“There’s that word again. Need. I need you. I need you to need me. How nauseating, to need another human being, as if their heart is in your throat. Love isn’t about need. Don’t romanticize the notion of desperation. Let me let you in on a secret: you don’t need me and I don’t need you. We can get through life just fine without each other. Love is not wanting to. We want each other, we want skin and hands and all our daily scars. We want intoxication and art museums and intertwined limbs. We want ferocity in our lips and tracing slow, small circles on our stomachs. I don’t need you in my life, but goddamn I want you in it.”—All the Want in the World Cannot Fit in Our Hands (via onethousandtimesover)
“It’s all right if we keep forgetting the way home.
It’s all right if we don’t remember when we were born.
It’s all right if we write the same poem over and over.”—Robert Bly, from Talking Into The Ear Of A Donkey (via illusionsvk)
the best part of being in a relationship is sharing food
just kidding, even if we are in a relationship I’m not sharing food
the worst part of being in a relationship is sharing food
true story one time my boyfriend and I shared brunch and were so starving by dinner time that we ate our separate dinners and then shared a second entree because we were still hungry and now, ever since, we don’t even consider sharing food
How to talk to your daughter about her body, step one: don’t talk to your daughter about her body, except to teach her how it works. Don’t say anything if she’s lost weight. Don’t say anything if she’s gained weight. If you think your daughter’s body looks amazing, don’t say that. Here are some things you can say instead:
“You look so healthy!” is a great one. Or how about, “you’re looking so strong.” “I can see how happy you are – you’re glowing.”
Better yet, compliment her on something that has nothing to do with her body. Don’t comment on other women’s bodies either. Nope. Not a single comment, not a nice one or a mean one. Teach her about kindness towards others, but also kindness towards yourself.
Don’t you dare talk about how much you hate your body in front of your daughter, or talk about your new diet. In fact, don’t go on a diet in front of your daughter. Buy healthy food. Cook healthy meals. But don’t say “I’m not eating carbs right now.” Your daughter should never think that carbs are evil, because shame over what you eat only leads to shame about yourself.
Encourage your daughter to run because it makes her feel less stressed. Encourage your daughter to climb mountains because there is nowhere better to explore your spirituality than the peak of the universe. Encourage your daughter to surf, or rock climb, or mountain bike because it scares her and that’s a good thing sometimes.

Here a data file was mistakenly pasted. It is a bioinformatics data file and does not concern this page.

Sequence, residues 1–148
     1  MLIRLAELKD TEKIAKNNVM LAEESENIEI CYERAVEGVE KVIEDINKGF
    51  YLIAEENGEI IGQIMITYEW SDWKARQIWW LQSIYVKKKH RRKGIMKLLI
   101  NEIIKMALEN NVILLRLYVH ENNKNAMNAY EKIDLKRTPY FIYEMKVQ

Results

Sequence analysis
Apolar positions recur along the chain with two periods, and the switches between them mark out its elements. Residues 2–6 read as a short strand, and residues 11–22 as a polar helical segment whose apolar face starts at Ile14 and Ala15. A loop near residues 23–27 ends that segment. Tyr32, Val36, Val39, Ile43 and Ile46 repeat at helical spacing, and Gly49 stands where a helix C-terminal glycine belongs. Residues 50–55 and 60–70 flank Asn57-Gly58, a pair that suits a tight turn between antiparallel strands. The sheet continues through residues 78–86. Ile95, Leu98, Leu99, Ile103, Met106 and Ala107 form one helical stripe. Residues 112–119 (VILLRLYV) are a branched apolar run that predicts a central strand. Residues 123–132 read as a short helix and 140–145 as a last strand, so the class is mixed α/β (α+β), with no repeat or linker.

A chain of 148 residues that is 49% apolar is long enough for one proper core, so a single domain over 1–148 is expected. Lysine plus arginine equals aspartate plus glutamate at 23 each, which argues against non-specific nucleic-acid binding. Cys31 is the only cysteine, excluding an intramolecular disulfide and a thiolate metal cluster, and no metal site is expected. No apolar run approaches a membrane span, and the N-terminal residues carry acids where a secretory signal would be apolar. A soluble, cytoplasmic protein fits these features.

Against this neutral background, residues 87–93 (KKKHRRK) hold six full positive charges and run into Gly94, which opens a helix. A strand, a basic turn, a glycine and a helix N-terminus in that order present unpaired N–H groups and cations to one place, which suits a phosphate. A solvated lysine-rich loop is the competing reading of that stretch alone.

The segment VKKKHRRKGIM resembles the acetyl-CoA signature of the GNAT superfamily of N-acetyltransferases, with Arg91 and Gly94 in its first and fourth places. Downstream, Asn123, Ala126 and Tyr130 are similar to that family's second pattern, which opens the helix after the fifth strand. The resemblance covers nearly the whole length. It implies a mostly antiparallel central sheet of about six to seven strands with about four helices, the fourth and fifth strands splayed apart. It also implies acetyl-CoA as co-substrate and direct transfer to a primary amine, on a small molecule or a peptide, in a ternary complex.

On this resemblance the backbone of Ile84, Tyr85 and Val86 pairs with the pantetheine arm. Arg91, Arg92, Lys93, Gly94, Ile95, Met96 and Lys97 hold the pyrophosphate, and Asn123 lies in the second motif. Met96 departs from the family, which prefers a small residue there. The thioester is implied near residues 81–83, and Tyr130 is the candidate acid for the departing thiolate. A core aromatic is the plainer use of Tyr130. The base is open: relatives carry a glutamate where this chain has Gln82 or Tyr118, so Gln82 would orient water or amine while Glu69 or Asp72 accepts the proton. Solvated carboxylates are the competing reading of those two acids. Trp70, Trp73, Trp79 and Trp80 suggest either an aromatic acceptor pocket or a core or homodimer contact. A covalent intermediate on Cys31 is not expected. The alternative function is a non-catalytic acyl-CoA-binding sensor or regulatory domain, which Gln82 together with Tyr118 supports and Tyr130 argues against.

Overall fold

Help your daughter love soccer or rowing or hockey because sports make her a better leader and a more confident woman. Explain that no matter how old you get, you’ll never stop needing good teamwork. Never make her play a sport she isn’t absolutely in love with.
Prove to your daughter that women don’t need men to move their furniture. Teach your daughter how to cook kale. Teach your daughter how to bake chocolate cake made with six sticks of butter. Pass on your own mom’s recipe for Christmas morning coffee cake. Pass on your love of being outside.
Maybe you and your daughter both have thick thighs or wide ribcages. It’s easy to hate these non-size zero body parts. Don’t. Tell your daughter that with her legs she can run a marathon if she wants to, and her ribcage is nothing but a carrying case for strong lungs. She can scream and she can sing and she can lift up the world, if she wants.
Remind your daughter that the best thing she can do with her body is to use it to mobilize her beautiful soul.
-How to Talk to Your Daughter About Her Body, Sarah Koppelkam
“I’ve always had trouble with this idea of “hearing from God.” I always side-eye those super A+ put-together Christians who were hearing from God every week, and somehow I was outside the door of some secret club where God was throwing around fortune cookies full of His life-changing secrets.
Let’s consider that God does speak to us every week. Let’s consider photosynthesis, the spinning of atoms, the burning of stars, the breath we just breathed, your child’s messy drawing, the twitching of your neurons to fire off emotions, a hug from your best friend. Let’s consider the sustaining of our molecules, which is purely by His grace. Let’s see all we are missing when our eyes are locked on a screen when the world is unrolling around us, as God makes His glory known through nature and coincidence. Let’s consider Christ, who is God’s spoken word and His very own glorious radiance (Hebrews 1:2-3). Let’s consider that God is already within the silence, and that even when we do not “feel” Him, God is okay with this too.”—J.S. Park from this post (via yesdarlingido)
“It’s not our job to toughen our children up to face a cruel and heartless world. It’s our job to raise children who will make the world a little less cruel and heartless.”—L.R. Knost (via thatkindofwoman)